A Letter to a Stranger about PTSD

My PTSD Google Alert passes many interesting articles through my inbox. The volume of disturbing articles seems to be increasing over time.

This morning a link from Gawker was at the top of my news feed. I am not a huge fan of Gawker, but I felt compelled to read this article. I read it and was overwhelmed with the tragic stories that are still persisting and were presented there.

I have been avoiding the shit out of many things and unfortunately the pressure has built up too high. The bottom of the article had a link. So on a whim I penned a letter.

Dear Hamilton,

Reading the accounts of other Veteran’s is upsetting to me, but a story that needs to be told.

I exited the Army in 2006 after two tours in Iraq. They were in relatively close order and the ten month break in-between trips was not nearly enough time to readjust. The second trip was worse than the first and exposed me to new and different horrors of war. That deployment compounded what was most likely a case of PTSD from the first tour.

When I returned home I slogged through the VA benefits process with the help and support of my wife and family. For a while I lived away from my wife and newborn son. For a while my father drove me to and from work as the medications I was on rendered me unable to function as I was coming up from them.

Each week for the better part of six years I saw a therapist at the VA and chipped away at learning to deal with a new normal of persistent anxiety and depression. In that six years I fired two therapists and cannot speak highly enough of all the rest.

I quit drinking and all drugs but I am still addicted to work to keep my mind away from the negative patterns of thought that are ingrained from years of training and fighting. I finally got off the antidepressants about a year ago. Despite all that, some days I still break down and cry in the bathroom at work. I consider myself lucky to even have a job.

I wish I could say that after these six years I am an integrated happy member of society, but I am afraid that will not be true for many years, if ever. I can keep the wild and extreme thoughts at bay, but they still linger in the dark corners of my mind. One day seven years ago I took out my gun and considered getting some rest from those thoughts.

That day I doubled down on my family and my therapy and today I am able to survive and more often than not, flourish. I did not do it alone. We Veterans cannot do it alone. It takes lots of hard work and discipline to maintain this steady state. My perspective coming through the other side of this is now valued by my coworkers and family, but only as I am able to present it currently. If it was any rougher or more graphic, I don’t think they could handle nor tolerate it.

I am now dedicated to see my two boys grow up and reach a ripe old age with my wife.

I write a blog about PTSD and my treatment. (my friends were harassing me about not having a post lately)…

Thanks again for raising awareness.

Sincerely Yours,

Michael “Mikey” Piro

It was liberating to write this little summary and confess how I feel. I am still deeply emotional about by my experiences in war, but I have so much to celebrate and be thankful. I am flourishing. These past 16 months have been the best since I came home and each month continues to be better. I could not have done it without you that are reading this right now and this convention of bearing my soul into the internet. I am doing fine, thanks to you.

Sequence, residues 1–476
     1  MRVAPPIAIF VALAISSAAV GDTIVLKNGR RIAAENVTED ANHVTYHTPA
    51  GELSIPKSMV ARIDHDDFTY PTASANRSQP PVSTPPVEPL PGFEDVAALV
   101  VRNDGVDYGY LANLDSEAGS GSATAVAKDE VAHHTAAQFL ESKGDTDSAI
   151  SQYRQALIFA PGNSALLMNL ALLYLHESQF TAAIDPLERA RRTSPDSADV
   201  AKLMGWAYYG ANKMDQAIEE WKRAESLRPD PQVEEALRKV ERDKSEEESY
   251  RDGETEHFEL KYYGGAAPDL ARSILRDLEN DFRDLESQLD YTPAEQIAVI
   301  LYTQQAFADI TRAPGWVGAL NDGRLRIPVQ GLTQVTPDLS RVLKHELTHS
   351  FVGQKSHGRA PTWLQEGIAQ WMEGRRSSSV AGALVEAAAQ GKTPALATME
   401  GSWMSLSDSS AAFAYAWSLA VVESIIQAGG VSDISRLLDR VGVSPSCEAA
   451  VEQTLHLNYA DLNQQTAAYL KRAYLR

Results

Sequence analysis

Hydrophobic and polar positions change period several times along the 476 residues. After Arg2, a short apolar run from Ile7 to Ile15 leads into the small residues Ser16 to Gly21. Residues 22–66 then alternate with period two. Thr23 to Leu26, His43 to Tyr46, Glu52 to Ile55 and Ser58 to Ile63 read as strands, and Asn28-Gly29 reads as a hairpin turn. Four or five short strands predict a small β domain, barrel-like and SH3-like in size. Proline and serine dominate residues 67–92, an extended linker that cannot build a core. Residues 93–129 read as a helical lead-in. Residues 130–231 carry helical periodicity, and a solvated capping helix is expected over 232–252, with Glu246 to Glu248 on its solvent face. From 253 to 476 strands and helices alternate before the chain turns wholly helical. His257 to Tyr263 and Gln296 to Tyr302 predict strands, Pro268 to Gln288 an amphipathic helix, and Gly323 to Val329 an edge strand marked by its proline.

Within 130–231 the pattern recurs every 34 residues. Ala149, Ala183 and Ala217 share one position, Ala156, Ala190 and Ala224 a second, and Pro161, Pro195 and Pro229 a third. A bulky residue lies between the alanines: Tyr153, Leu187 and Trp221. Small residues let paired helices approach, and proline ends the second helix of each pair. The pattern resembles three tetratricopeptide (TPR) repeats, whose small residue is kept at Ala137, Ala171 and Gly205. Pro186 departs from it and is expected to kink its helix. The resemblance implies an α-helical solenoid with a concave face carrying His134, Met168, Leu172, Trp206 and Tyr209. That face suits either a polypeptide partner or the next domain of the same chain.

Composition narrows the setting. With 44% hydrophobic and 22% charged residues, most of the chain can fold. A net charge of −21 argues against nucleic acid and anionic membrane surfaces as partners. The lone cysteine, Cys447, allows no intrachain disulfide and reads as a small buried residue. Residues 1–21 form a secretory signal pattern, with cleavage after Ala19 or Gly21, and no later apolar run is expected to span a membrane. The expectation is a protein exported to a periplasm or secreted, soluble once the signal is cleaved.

So here comes the ask, find a Veteran, give them a hug. Accept them for who they are and give them an opportunity to flourish.

4 thoughts on “A Letter to a Stranger about PTSD

  1. Deidre Zbiegien

    I have a son-in law who destroyed his family.He also served two tours in Iraq. His path to recovery was violent and and extremely abusive. He threatened to kill my daughter,granddaughter and even myself. Your stories have helped me immensely. I realize it is a daily struggle. I admire your ability to be open and share your personal struggle with PTSD. I look forward to your next blog.

  2. mikeypiro


    I hope you and your family find peace. Thank you for reading and sharing.


  3. Bridget Collins

    I’m so proud of you Mike and am inherently grateful for all that have done for our country, for the veterans coming home, and most importantly for being a part of our family. Much love to you cousin!

  4. Bryan


    I have spent so many nights watching in the darkness that I often forget what it is that I’m supposed to do when the sun comes up. What should I protect when everything is okay? How I am supposed to fight when everything is at peace? I don’t think many people realize, aside from those close to us, that we brought a war back with us — one that demands more from us than it ever did over there — one that doesn’t just test our mettle or make us buck up, shut up, drink water and drive on — but one that breaks us, sometimes almost every day. I’d like to say I won those wars, but I suppose I wouldn’t be writing this if I did, right? I think for me, realizing that not only can I not do this alone, but also that I was never in fact alone, was and has been my greatest strength in going forward. I know that I will never be at complete peace, but that doesn’t mean I can’t be happy and it also doesn’t mean I can’t still fight — I will fight, but for something that isn’t on a battlefield. Thank you for continually sharing your thoughts and experiences with everyone. You have my number. You need anything, don’t hesitate. We will catch up sometime. Be well, Brother.

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